Blighted Home Cleaned After TV Coverage

Code Enforcement Says Budget Could Slow Response Times

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    NEWSLETTERS

    Damian Trujillo

    The folks on Henderson Drive said they'd been complaining to the city of San Jose for years.

    The weeds in one of the homes in the neighborhood were overgrown.

    Local Realtors warned them their property values were taking a hit, as high as 25-percent, due to the blight.

    The neighbors emailed NBC Bay Area on Friday, and on Monday, after our report, the home is now clean again.

     Code Enforcement inspector, William Gerry, said the clean up was already scheduled, at a cost of $1,200.

    The city will now bill the bank which owns the home's note.

    "It's nice to see it fully clean," said neighbor Joe Fedor. "It took you guys to come out and do this for us. We've been trying and making phone calls."

    Gerry said he'd previously cited the bank and the former property owner for the blight, to the tune of $500.

    Gerry then took us to another foreclosed home on Moreno Avenue.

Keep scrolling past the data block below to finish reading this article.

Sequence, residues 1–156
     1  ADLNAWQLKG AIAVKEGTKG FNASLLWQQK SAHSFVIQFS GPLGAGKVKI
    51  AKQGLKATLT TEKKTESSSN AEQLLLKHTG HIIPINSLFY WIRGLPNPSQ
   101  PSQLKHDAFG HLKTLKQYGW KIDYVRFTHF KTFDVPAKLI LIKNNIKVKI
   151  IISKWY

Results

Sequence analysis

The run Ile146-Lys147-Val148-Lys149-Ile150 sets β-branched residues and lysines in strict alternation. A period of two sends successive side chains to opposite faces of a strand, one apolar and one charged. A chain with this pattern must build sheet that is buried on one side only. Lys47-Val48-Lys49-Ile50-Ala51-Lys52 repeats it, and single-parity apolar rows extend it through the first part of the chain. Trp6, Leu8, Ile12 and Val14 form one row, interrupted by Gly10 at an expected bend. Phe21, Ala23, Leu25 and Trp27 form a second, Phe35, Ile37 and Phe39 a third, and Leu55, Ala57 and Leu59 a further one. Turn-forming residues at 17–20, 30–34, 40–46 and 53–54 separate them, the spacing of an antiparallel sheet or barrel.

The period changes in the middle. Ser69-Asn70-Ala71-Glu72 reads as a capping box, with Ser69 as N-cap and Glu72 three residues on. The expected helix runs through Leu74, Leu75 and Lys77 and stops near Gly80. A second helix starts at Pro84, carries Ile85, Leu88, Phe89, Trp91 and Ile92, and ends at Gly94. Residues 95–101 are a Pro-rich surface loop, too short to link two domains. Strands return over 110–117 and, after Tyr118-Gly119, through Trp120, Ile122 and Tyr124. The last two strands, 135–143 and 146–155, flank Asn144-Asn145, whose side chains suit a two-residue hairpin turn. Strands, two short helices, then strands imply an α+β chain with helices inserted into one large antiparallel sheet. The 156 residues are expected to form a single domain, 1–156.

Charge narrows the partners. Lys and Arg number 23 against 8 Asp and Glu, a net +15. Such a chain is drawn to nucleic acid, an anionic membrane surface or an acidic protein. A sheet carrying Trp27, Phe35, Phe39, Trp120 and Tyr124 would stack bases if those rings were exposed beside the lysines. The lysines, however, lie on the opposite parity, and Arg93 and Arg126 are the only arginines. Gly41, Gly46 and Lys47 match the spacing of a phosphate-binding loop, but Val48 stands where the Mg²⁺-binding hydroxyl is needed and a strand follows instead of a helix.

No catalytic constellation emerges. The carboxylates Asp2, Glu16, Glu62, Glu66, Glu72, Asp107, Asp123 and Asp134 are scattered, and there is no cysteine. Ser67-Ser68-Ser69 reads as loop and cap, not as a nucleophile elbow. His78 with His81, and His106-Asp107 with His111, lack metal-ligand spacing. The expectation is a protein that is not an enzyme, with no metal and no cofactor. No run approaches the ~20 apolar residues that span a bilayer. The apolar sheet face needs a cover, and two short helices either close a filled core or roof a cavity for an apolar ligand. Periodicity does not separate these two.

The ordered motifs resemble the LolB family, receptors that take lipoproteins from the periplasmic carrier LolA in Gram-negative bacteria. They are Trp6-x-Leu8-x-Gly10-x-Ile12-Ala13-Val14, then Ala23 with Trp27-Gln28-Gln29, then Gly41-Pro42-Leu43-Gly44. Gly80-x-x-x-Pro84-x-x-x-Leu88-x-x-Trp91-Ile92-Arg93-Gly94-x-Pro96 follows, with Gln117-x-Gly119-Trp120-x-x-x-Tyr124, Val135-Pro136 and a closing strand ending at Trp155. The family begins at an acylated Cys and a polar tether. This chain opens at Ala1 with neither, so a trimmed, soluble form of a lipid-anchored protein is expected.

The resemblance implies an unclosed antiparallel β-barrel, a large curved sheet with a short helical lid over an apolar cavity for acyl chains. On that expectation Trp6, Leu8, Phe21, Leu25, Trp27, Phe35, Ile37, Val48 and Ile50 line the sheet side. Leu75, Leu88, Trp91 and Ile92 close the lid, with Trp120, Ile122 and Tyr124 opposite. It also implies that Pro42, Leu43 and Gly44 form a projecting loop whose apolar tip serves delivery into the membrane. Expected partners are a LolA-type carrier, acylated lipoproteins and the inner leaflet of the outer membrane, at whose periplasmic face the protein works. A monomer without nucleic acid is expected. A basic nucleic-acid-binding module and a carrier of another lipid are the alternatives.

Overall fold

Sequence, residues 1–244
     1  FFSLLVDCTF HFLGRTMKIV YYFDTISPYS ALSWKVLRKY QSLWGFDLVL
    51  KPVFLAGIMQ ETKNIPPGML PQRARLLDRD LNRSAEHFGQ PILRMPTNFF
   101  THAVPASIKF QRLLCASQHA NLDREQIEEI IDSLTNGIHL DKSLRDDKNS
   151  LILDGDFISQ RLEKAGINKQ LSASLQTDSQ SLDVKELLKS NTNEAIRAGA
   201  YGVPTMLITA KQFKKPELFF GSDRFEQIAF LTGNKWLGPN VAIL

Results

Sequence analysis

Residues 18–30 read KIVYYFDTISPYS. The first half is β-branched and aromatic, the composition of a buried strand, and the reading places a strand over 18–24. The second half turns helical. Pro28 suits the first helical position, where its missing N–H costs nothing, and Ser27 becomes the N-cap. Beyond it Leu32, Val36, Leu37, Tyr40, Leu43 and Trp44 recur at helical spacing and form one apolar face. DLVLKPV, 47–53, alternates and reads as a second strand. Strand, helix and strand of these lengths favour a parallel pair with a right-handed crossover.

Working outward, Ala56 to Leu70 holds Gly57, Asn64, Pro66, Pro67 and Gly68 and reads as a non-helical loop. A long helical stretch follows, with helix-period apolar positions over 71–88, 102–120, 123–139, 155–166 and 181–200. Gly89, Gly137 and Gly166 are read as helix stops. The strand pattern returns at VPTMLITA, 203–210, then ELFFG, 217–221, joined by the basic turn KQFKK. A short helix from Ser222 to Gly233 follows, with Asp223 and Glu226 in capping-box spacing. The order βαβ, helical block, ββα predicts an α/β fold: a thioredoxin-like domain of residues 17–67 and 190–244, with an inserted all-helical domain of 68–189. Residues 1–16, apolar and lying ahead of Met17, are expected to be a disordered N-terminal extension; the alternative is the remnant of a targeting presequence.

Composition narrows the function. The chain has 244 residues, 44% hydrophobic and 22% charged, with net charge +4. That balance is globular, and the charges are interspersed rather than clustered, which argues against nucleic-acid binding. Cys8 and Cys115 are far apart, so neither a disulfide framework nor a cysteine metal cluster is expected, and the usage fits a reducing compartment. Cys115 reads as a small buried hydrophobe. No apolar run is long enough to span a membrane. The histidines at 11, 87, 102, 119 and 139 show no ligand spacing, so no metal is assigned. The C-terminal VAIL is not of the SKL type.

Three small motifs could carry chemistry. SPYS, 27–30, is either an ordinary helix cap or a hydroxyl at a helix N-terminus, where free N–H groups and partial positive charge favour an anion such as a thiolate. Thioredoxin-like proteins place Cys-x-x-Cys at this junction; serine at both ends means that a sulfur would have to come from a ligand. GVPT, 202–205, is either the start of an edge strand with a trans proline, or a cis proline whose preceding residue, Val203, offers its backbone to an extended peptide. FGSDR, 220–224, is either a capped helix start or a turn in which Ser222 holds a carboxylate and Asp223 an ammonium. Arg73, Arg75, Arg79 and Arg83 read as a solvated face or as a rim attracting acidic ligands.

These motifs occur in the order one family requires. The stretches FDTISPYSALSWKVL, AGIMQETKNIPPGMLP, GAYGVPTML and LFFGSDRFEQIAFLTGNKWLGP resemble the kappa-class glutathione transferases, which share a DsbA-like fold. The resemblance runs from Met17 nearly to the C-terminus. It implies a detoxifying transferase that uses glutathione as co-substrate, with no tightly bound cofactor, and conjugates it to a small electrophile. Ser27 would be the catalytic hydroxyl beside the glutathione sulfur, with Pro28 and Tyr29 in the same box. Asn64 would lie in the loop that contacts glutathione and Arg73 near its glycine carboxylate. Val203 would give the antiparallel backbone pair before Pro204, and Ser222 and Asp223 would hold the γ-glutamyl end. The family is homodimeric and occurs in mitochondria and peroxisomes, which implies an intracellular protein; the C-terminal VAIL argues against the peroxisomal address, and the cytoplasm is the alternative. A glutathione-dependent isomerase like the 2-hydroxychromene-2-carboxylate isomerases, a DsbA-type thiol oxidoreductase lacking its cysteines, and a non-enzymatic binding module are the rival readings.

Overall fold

"It's been getting progressively worse," said neighbor Dan Lewis. "I've been thinking of knocking it down myself."

    Another neighbor, Brian Martinez, said, "I try not to look at it. it's not good. It's bad."

    Clean up crews will move in to Moreno Avenue on Wednesday.

    With foreclosures still in crisis mode, Gerry said sending an inspector to abandoned, blighted properties takes longer than normal.

    it doesn't help that the city's budget deficit will claim 8 inspectors beginning July 1.

    "Obviously, the loss of 8 colleagues is going to hurt the response time," said Gerry.

    In the Moreno Avenue case, the city will put a lean on the home, and recoup it's clean-up costs when the property sells.

    On Henderson Drive, "The mental anguish-part of this is huge, I cant' even begin to describe it," said Fedor.

    His neighbors said they're relieved to finally have their clean neighborhood back.